When you require renewal, is there a particular poem or book that you return to? A particular author?
When our baby was born with a grievous, unexpected birth defect, flown to Riley, and lived thirteen days, we had no words to describe what we were feeling. In fact I'm not sure we were even feeling-- a word like 'feeling' might be too comprehensive, and even the word "describe" seems like drawing a line around something that cannot be bound. To gesture towards it, I'd say: the feeling was like falling down the stairs--pain, disbelief, peril, terrible momentum, perceptual intensity, and knowing that it will be worse when it is over. Time went so quick. And yet, it was the time of illness, it was hospital time, so it also distended and dilated, we were inside some stoma of time, bacteria living in the lidless eye of time.
And our baby in her warm room on her raised white bier began to remind us of an image, from Art-- it was the image of Mario Montez at the beginning of Jack Smith's queer, underground, and notoriously unfinished film, Normal Love. In the opening shots, Mario Montez is black-eyed screen-goddess, in white bonnet, in a bath of pearls and milk. Everything that happens in the film goes away from and returns to this image. And so it was with our baby, in her incredible glamour, under her heat lamps, arrayed on white sheets, her black hair swirling around her white bandages, and tubes cycling all of her holy blood out of her and bringing it back at the neck-- we couldn't take our eyes off her. I would glance at my husband sidelong, and, in extremis, repeat:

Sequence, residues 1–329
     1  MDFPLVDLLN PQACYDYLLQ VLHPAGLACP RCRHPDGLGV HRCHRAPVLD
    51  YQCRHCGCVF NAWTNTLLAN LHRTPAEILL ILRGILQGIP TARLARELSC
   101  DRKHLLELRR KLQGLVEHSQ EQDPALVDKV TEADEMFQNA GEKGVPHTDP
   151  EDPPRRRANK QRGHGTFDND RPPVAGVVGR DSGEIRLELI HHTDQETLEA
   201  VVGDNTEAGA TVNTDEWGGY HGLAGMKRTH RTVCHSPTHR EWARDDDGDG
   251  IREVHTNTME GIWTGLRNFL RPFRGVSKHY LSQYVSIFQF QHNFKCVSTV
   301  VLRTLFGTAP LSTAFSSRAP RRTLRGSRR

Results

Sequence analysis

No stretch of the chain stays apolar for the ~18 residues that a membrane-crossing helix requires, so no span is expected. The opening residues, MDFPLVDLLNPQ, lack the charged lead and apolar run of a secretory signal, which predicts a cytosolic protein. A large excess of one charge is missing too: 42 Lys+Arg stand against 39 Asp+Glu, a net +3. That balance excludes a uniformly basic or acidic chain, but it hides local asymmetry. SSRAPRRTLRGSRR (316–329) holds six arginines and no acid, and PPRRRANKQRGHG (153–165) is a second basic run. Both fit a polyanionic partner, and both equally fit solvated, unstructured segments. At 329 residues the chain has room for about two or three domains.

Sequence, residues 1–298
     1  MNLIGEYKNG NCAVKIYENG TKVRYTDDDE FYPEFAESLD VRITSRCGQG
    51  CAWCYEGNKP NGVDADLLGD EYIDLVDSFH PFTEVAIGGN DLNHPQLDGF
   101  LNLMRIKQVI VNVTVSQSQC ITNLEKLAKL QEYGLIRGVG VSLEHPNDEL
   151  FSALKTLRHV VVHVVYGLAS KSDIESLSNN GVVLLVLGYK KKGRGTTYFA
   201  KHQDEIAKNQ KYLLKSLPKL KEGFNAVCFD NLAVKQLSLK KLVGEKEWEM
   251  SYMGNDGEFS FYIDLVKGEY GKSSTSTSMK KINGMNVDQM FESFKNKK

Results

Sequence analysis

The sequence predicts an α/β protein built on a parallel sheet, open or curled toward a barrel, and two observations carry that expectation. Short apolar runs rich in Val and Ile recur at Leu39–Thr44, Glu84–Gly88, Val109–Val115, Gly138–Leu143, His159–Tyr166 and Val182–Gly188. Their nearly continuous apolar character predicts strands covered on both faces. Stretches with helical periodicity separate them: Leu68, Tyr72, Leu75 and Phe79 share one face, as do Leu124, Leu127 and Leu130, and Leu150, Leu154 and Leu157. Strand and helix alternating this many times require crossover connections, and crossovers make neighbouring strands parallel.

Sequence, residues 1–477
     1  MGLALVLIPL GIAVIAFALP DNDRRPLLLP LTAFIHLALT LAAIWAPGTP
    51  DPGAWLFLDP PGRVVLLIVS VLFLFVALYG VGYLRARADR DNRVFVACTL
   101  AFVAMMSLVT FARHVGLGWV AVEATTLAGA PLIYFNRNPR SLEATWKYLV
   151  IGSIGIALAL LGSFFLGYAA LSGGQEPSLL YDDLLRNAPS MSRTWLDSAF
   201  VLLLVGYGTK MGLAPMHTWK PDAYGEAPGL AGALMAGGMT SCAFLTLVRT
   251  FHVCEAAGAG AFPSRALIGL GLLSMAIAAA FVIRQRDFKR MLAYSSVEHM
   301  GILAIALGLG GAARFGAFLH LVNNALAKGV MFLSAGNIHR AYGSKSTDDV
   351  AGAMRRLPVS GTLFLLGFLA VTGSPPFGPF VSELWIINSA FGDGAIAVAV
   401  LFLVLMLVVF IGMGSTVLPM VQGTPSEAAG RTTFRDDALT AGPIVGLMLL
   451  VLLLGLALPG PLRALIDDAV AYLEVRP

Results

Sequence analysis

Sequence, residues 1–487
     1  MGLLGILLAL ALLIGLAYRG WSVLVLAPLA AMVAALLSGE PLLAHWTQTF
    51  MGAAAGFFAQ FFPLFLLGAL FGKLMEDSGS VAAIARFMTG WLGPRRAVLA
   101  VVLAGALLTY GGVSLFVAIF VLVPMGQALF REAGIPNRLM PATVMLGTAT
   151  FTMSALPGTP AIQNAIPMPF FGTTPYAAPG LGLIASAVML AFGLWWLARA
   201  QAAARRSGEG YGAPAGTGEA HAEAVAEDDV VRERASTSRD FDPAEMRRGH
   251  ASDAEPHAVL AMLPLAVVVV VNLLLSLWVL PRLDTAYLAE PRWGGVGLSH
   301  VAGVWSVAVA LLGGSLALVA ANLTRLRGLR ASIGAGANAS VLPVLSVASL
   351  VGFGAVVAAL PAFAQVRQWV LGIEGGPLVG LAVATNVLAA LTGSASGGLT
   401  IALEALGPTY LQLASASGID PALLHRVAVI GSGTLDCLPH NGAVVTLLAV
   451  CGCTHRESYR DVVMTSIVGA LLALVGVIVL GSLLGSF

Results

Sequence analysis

normal love, normal love.
I found at the hospital that Art did not desert me, and I realized then that Art was truly my faith. And, for a creed, lines of poetry, images from film-- when my consciousness could not collect itself to form a thought, my brain relayed images and lines, and it gave me comfort to rub my raw self up against that Art a child rubs a scrap of soft worn shining fabric-- the more drastic the Art, the more it was able to reach me in my extremity. Artaud, Cendrars, Bataille, Breton--all that intensity and frottage. When we finally removed the respirator, when the tube came up from her throat, I was afraid to watch, afraid I would see something ugly that would flap like a black cloth over my whole life. But I didn't turn away. I opened my eyes in the dark (Ro. Bolaño tr. Chrs. Andrews). I looked on my dying baby and felt a prayer come to my lips:
Let beauty be convulsive or it shall not be at all.
Later, at home, in the dark, when I could not close my eyes, I would recite: "Night is the insane asylum of the plants." That's the great Chilean poet Raúl Zurita translated by Anna Deeny Morales. And often are the times I recall this quote by Zurita, translated by David Shook:
I felt that pain and death should be responded to with a poetry and an art that was as vast and strong as the violence that was exercised over us. To place in opposition the limitless violence of crime and the limitless violence of beauty, the extreme violence of power and the extreme violence of art, the violence of terror and the even stronger violence of all our poems.
And often are the times Johannes and I will turn to each other in our Rust Belt kitchen, in our distraught, 100-year-old diva of a house, with the house and the world falling down around us, one dead child, one foster child we love fiercely, two adolescent daughters picking a path through a world of ruins, and we paraphrase a sacred dialogue for Blaise Cendrars and Little Jehanne of France:
--Are we going to go all the way, Blaise?
--Yes, we're going to go all the way.
And then, like Mary Shelley, we just keep going.